Cost of new water quality standards

Communities throughout New Hampshire are grappling to understand how much it will cost to comply with new drinking water quality standards.

CONCORD — The state’s top environmental official is standing by his department’s work on reducing water contamination despite a lawsuit filed against recently imposed stricter regulations.

PFOA: NH communities trying to figure out price tag
Lebanon considering legal action over PFAS rules
Toughest PFAS level set, business, municipal lobbies sound alarm

In June, the New Hampshire Department of Environmental Services brought forth new standards for levels of four per- and polyfluoroalkyl substances (PFAS) in drinking water, which took effect on Tuesday.

“NHDES does not comment on pending lawsuits, however I do stand behind and support the outstanding work being done every day by NHDES staff on the PFAS issue,” said Robert Scott, NHDES commissioner, in a statement.

The lawsuit, filed in Merrimack Superior Court by the Plymouth Village Water & Sewer District, Resource Management Inc., Charles G. Hanson, a farmer, and 3M Company claims the new regulations violate the state’s constitution as an unfunded mandate. The lawsuit says the state failed to take into consideration the cost of the regulations.

The Plymouth Village Water & Sewer District says the state rushed the rule-making process.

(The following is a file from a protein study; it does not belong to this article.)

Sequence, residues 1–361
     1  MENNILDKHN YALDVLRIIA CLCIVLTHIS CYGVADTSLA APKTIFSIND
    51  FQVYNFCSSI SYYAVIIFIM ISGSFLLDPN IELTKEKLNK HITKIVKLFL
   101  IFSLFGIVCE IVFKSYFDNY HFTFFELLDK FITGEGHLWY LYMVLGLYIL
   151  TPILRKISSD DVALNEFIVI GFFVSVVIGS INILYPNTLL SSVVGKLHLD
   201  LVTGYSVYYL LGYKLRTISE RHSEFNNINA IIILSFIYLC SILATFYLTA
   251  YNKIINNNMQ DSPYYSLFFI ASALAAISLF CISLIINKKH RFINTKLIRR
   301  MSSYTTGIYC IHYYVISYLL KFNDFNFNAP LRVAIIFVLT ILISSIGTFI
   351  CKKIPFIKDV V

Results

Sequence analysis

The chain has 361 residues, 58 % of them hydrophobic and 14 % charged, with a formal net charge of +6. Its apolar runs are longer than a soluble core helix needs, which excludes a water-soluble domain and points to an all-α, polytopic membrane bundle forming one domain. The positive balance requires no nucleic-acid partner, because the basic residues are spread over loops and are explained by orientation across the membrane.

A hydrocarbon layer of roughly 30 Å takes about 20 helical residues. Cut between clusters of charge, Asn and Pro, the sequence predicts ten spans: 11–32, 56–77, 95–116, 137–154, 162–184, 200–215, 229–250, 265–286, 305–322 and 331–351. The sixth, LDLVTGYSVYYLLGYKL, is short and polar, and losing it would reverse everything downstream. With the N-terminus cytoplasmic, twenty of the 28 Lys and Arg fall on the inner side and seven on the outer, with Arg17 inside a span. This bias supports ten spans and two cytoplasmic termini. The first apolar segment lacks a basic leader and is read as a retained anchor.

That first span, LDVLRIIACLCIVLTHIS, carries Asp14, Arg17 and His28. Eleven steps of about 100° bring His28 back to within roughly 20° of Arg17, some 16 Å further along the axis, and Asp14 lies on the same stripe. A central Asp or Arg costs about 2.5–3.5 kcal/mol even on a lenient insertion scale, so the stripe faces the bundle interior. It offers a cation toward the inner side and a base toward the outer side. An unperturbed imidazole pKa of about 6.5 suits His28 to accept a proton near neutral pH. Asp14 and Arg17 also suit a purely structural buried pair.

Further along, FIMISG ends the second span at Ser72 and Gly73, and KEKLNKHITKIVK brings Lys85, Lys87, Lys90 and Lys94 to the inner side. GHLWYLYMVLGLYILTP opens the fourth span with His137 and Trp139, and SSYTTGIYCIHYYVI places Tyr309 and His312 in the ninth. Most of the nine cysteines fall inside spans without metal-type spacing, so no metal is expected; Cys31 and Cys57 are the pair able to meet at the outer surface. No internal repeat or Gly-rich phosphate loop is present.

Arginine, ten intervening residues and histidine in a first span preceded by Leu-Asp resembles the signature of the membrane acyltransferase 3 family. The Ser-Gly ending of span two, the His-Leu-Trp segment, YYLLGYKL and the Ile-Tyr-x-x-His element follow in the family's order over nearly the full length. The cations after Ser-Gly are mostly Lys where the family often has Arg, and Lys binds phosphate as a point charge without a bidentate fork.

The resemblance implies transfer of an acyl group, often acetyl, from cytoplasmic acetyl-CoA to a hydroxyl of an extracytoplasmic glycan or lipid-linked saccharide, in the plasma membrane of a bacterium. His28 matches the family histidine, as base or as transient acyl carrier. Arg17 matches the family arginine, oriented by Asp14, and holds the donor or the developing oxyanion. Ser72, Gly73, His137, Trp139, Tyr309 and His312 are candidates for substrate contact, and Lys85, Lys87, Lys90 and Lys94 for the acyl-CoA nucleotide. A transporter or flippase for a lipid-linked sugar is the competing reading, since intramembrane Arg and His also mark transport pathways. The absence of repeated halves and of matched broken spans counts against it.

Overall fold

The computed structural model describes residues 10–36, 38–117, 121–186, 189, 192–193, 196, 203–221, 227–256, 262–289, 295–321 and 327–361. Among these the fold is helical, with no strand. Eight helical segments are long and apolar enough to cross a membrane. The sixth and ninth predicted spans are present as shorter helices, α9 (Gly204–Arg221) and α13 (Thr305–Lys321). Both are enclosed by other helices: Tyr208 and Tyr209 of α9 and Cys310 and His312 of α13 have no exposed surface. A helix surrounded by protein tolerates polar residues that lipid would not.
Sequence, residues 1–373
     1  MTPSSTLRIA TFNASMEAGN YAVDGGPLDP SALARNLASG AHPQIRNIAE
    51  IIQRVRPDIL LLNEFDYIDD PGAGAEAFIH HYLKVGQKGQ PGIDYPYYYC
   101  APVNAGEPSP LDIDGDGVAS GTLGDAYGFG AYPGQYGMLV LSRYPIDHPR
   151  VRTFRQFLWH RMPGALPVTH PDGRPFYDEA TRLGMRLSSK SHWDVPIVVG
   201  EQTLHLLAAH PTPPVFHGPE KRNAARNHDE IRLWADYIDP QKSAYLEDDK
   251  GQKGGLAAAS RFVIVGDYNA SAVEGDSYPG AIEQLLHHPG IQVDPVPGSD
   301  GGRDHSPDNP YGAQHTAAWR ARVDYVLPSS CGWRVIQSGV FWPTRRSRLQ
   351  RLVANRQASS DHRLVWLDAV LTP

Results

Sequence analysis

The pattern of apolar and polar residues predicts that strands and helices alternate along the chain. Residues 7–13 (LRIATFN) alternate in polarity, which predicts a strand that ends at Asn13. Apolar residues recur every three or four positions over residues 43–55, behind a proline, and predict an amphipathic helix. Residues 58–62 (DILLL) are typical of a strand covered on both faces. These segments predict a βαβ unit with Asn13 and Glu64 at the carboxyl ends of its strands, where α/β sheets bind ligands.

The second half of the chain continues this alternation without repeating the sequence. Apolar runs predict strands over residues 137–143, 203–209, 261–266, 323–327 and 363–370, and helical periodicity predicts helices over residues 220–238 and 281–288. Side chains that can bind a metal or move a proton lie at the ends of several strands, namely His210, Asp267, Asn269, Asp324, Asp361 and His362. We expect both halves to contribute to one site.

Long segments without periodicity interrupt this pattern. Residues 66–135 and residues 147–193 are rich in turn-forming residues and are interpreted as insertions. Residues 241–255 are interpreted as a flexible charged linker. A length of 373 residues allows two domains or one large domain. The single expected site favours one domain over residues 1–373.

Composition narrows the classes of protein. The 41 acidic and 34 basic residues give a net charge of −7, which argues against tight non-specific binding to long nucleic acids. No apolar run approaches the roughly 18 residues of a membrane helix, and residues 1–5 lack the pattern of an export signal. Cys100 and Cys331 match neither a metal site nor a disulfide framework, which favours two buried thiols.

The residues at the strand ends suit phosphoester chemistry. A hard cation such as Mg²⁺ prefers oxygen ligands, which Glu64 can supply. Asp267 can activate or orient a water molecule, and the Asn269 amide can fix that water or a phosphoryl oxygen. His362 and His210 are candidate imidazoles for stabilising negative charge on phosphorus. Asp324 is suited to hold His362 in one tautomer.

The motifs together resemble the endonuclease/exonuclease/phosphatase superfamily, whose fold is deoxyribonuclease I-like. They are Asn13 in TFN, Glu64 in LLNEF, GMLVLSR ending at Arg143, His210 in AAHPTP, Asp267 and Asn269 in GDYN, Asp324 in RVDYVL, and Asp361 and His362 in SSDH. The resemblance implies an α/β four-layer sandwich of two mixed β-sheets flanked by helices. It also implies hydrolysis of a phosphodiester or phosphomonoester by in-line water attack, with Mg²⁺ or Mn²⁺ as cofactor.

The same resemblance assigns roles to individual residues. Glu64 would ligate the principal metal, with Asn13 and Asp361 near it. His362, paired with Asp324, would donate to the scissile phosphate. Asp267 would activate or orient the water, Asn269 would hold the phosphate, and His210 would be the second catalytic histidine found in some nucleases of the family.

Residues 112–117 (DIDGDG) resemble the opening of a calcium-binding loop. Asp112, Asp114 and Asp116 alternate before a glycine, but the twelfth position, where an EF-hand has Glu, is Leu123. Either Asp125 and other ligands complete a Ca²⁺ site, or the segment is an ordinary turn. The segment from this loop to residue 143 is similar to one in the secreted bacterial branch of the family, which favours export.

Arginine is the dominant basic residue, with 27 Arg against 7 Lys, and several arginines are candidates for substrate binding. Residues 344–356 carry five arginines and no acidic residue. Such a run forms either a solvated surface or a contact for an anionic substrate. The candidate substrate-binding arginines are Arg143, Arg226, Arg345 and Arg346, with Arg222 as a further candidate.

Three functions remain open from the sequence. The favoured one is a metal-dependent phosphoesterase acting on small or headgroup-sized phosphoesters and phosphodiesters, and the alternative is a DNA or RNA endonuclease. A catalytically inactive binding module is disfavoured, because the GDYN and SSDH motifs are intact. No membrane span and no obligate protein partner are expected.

“We did not take this step lightly, but the new rules will have a significant financial impact on the customers of our small water and sewer district,” the district wrote in a statement. “These new regulations will create a massive unfunded liability that the customers of the Plymouth Village Water and Sewer District, along with every other municipal utility in NH will be expected to absorb, without any consideration to the immediate or long term impacts on the users or sustainability of the systems.”

The district says it works with NHDES every day and is not opposed to appropriate regulation “based on sound science” and with consideration for costs. The district hopes to force the department to take another look at the regulations.

“Without the funding to support implementation this is an unfunded mandate that we cannot absorb or passively accept,” the statement reads.

“We respect the folks at DES and understand their motivation but we believe that it did not have to be this way — with a little more time and a lot more discussion and collaboration with those in the field we could likely have achieved a more workable result.”

Thursday, October 17, 2019
Wednesday, October 16, 2019
Tuesday, October 15, 2019